Dominique Lightsey-Joseph, EdD, MEd, serves as the Director of Equity, Diversity, Inclusion and Belonging (EDIB) Strategy at the Center on the Developing Child. Dominique develops strategies and action plans to advance the Center’s commitment to fostering equitable outcomes in early childhood development. She also leads the co-creation of an organizational culture where all staff feel respected, included, and able to do their best. Dominique works collaboratively with Center Leadership division heads to ensure the deep integration of EDIB principles into all workstreams and to develop, implement, assess, and adjust strategy as needed to establish a sustainable, Center-wide EDIB infrastructure.
Prior to joining the center, Dominique spent 16 years advancing educational equity and access for marginalized and underrepresented students through her work in college admissions. She has served on strategic planning committees and diversity task forces at public and private universities on both coasts. In service of Pasadena City College’s retention efforts for marginalized first-year students, she taught courses and aided students as they built their foundation of self-efficacy, information literacy and critical thinking skills. She served as a principal committee member for the strategic plan to diversify the UCLA campus population between 2010-2016, created and conducted implicit and institutional bias trainings for University of Southern California (USC) faculty, staff, and students, and spearheaded diversity “think tank” working groups comprised of higher education faculty, alumni stakeholders, community-based organizations, K-12 district superintendents and community college senior-leaders.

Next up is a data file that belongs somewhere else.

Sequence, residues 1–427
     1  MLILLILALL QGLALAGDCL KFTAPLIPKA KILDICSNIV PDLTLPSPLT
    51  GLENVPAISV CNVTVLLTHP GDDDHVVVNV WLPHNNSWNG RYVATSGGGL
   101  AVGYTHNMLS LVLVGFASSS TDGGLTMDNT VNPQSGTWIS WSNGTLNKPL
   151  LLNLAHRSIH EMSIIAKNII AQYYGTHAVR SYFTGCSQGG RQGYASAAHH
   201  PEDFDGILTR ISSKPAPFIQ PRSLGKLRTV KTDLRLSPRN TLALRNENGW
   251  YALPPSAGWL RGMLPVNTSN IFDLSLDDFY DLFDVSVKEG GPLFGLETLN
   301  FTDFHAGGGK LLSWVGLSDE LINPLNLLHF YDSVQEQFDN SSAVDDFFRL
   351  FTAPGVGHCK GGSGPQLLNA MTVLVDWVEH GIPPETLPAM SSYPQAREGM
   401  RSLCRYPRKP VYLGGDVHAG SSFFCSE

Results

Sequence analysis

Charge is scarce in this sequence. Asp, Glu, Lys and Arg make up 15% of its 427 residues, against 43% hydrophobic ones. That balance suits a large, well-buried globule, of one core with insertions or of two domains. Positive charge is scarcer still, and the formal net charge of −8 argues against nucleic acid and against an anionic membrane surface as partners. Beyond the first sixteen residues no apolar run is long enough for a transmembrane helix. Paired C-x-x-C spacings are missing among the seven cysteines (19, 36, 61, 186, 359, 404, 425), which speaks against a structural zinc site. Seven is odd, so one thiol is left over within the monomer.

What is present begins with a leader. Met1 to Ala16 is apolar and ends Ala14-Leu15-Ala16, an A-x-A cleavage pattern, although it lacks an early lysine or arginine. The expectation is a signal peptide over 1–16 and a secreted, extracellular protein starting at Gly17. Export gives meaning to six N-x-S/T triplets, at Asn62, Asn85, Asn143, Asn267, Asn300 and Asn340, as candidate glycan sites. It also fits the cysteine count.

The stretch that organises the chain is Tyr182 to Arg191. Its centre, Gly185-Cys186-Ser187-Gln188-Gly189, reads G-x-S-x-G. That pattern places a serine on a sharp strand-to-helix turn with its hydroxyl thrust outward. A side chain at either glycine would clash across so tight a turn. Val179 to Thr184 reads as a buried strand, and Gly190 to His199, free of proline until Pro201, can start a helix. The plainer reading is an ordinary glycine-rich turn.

Dominique is a two-time Trojan, having earned both an M.Ed. in Postsecondary Administration and Student Affairs and an Ed.D. in Educational Leadership from USC. There she acquired her skillset for financing and assessing colleges for equity and investigating the roles power, diversity and equity play in organizational change management. As part of her dissertation in practice, Dominique researched and reported on the significant impact microaggressions and invalidations of employees of color (specifically Black women) have on their career trajectory and advancement into senior-level leadership positions within historically white institutions. This ground-breaking exploration of the inequitable working conditions of Black women in the Ivory Tower highlighted the transformational resistance strategies communities of color employ for survival in the field. Her dissertation culminated in the creation of a national civic engagement society for Black women across industries centered around fulfilling their dreams, prospering economically and paying it forward. Dominique is a Miami, FL native and earned her B.A. in English from Florida State University (FSU).